International study of 24-h movement behaviors of early years (SUNRISE): a pilot study from Bangladesh
Pilot and Feasibility Studies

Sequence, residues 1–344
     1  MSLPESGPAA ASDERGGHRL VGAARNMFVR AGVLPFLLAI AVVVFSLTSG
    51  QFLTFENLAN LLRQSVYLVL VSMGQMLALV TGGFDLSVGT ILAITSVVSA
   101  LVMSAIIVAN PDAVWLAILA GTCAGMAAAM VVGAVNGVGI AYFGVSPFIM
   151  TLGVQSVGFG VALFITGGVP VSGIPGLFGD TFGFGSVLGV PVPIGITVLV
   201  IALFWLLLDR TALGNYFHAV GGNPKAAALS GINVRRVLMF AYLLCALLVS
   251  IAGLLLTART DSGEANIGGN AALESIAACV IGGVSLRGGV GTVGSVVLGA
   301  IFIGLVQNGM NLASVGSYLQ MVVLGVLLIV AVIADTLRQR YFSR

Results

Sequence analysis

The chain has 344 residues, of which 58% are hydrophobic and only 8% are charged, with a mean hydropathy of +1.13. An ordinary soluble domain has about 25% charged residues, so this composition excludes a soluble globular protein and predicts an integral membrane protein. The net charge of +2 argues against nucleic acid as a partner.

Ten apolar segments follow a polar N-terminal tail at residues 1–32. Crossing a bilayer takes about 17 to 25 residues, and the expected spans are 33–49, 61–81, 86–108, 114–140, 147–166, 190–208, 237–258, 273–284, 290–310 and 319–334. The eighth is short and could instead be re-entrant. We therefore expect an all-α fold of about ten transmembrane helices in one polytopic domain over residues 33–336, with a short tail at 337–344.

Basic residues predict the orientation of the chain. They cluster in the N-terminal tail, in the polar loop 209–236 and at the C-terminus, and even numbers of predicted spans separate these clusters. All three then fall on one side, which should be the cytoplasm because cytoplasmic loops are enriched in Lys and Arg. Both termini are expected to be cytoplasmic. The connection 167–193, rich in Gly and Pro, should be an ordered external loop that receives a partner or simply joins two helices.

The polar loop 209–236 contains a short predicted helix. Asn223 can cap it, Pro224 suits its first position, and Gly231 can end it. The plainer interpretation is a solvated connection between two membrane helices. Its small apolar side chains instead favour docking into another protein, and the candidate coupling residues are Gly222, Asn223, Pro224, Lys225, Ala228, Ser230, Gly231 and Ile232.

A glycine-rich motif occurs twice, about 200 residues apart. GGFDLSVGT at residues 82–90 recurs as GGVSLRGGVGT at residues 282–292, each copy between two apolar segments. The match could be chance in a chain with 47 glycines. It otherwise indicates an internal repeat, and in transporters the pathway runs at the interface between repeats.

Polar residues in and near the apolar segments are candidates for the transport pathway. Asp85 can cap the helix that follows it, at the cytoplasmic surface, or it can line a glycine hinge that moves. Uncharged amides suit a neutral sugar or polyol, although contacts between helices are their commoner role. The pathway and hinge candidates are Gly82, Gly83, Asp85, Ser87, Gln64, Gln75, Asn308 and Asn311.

Background: The World Health Organization (WHO) released guidelines for physical activity, sedentary behavior, and sleep for children under 5 years of age in 2019. In response to these guidelines, this pilot study aimed to (i) determine the proportion of preschool children (ages 3-4 years) who met the WHO guidelines; (ii) examine the feasibility of the proposed protocol for the SUNRISE study; and (iii) assess the impact of the COVID-19 pandemic on movement behaviors of preschool children in Bangladesh. Methods: Time spent in physical activity, sedentary behavior and sleep were objectively measured using two types of accelerometers (ActiGraph wGT3x-BT and ActivPAL4). Screen time and sleep quality were assessed via parent questionnaire. Fine and gross motor skills were measured using the Ages and Stages Questionnaire (3rd edition). Three executive functions were assessed using the Early Years Toolbox. Focus groups were conducted with parents and childcare staff to determine the feasibility of the protocol. Follow-up data during COVID-19 pandemic was collected from parents over phone. Results: Data from 63 preschool-aged children and their parents was analyzed in this pilot study. Only three children (4.7%) met all components of the WHO guidelines. Separately, children meeting physical activity, sedentary screen time and sleep guidelines were 71.9%, 17.5%, and 59.7% respectively. The proportion of all children who were developmentally on-track for the gross and fine motor skills was 58.7% and 50.8%, respectively. Parents and educators reported that the protocol was feasible except for the activPAL-4 accelerometer. Approximately, 39% of children (14 out of 37) who wore this device developed itchy skin and rashes resulting in the suspension of using this device mid-way through data collection. During COVID-19, there was a significant decrease in children’s total physical activity (− 193 min/day), and time spent outside on weekdays (− 75 min/day) and weekend days (− 131 min/day) and a significant increase in sedentary screen time (+85 min/day). Conclusion: Only a low proportion of children met the WHO guidelines. Methods and devices (except ActivPAL4) used in this pilot study proved to be feasible and this has paved the way to conduct the main SUNRISE study in Bangladesh. Future measures should be taken to address the issue of movement behaviors of children during the time of pandemics like COVID-19.
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